Although the executive order has no immediate legal effect, it reflects the Administration’s policy regarding the WOTUS rule. Echoing the President’s campaign statements that the rule constituted disastrous overregulation, the executive order declares the federal government must keep navigable waters free from pollution while also promoting economic growth and respecting the constitutional roles of Congress and the States.
The executive order declares any rule replacing the WOTUS rule should adhere to Justice Antonin Scalia’s narrow interpretation of navigable waters in the U.S. Supreme Court’s 2006 decision in Rapanos v. U.S. That case split 4-1-4 with Justice Scalia drafting a plurality opinion, joined by three justices. Justice Scalia held that EPA and the Corps’ regulatory authority under the Clean Water Act extended only to traditional navigable waters, “relatively permanent, standing or continuously flowing bodies of water” connected to traditional navigable waters, and “wetlands with a continuous surface connection” to traditional navigable waters. Four justices dissented and Justice Anthony Kennedy wrote a separate opinion. Justice Kennedy adopted a much broader definition of navigable water than Justice Scalia, holding EPA and the Corps had regulatory authority if a water has a “significant nexus” to downstream traditional navigable waters.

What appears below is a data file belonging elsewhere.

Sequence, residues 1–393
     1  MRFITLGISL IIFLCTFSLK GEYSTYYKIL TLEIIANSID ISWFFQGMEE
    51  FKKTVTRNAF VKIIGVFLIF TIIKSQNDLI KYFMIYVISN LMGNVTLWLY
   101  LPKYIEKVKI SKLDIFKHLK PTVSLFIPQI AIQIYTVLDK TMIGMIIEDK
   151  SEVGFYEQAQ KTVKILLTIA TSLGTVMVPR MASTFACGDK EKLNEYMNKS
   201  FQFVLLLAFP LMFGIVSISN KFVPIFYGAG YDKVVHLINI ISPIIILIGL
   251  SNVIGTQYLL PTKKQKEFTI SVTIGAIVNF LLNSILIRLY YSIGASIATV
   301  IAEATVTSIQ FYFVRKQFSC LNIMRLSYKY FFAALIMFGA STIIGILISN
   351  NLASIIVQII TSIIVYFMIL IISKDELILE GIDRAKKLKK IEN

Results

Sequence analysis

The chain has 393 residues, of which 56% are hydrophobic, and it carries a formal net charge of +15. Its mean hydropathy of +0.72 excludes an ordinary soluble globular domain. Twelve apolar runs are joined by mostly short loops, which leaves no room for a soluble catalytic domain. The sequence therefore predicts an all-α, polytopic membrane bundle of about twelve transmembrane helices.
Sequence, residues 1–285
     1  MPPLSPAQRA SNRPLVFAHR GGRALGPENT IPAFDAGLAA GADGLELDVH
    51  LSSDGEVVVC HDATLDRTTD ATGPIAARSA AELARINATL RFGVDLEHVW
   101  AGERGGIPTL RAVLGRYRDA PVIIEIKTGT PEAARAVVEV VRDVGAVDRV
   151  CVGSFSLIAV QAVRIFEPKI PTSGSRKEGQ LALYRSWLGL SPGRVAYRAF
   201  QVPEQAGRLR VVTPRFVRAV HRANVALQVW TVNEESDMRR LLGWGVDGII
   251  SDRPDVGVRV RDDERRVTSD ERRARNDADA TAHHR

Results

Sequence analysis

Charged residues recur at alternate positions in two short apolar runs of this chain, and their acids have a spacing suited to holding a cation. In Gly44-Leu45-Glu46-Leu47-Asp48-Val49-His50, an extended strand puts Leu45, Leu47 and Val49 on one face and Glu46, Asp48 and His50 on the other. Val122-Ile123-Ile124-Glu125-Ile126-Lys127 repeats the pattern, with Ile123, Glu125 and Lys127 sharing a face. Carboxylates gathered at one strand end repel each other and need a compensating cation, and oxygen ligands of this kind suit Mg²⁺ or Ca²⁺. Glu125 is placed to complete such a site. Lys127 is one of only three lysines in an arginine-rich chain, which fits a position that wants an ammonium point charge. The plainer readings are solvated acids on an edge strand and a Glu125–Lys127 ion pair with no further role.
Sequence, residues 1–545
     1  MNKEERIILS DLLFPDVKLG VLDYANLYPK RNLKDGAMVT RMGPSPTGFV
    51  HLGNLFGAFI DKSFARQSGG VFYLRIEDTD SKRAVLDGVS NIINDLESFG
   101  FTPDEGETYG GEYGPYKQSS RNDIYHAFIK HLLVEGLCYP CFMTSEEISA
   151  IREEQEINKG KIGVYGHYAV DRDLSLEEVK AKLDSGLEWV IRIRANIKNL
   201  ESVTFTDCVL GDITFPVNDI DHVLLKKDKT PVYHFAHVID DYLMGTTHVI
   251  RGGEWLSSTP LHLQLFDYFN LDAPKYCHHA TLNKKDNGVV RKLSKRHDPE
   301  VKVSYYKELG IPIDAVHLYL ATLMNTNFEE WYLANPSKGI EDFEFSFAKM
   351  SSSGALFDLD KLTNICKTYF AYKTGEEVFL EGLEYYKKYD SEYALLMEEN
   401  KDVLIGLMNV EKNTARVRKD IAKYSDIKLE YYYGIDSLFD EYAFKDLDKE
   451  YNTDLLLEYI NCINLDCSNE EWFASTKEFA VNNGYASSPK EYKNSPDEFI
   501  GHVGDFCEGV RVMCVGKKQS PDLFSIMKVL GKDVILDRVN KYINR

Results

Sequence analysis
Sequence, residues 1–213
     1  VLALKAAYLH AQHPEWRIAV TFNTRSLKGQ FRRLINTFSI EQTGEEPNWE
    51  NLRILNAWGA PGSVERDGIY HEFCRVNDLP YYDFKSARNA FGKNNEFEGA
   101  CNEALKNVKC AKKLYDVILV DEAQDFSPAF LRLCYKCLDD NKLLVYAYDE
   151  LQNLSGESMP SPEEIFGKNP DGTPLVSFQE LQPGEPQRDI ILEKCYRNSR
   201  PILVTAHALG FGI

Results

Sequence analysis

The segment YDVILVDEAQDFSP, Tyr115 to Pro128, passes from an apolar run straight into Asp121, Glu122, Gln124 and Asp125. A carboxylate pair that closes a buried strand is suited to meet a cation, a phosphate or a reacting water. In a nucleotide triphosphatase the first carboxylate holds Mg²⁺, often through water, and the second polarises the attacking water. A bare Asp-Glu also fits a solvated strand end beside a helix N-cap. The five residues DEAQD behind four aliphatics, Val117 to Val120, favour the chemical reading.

Although the significant nexus test requires a complex and heavily fact-based analysis, it is the test that EPA and the Corps, as well as the lower federal courts, have applied for the last eleven years to determine CWA jurisdiction. In fact, when promulgating the WOTUS rule, EPA and the Corps insisted they were simply clarifying the significant nexus test. A new rule imposing Justice Scalia’s narrow test would significantly reduce the number permits that EPA and the Corps could require under the CWA.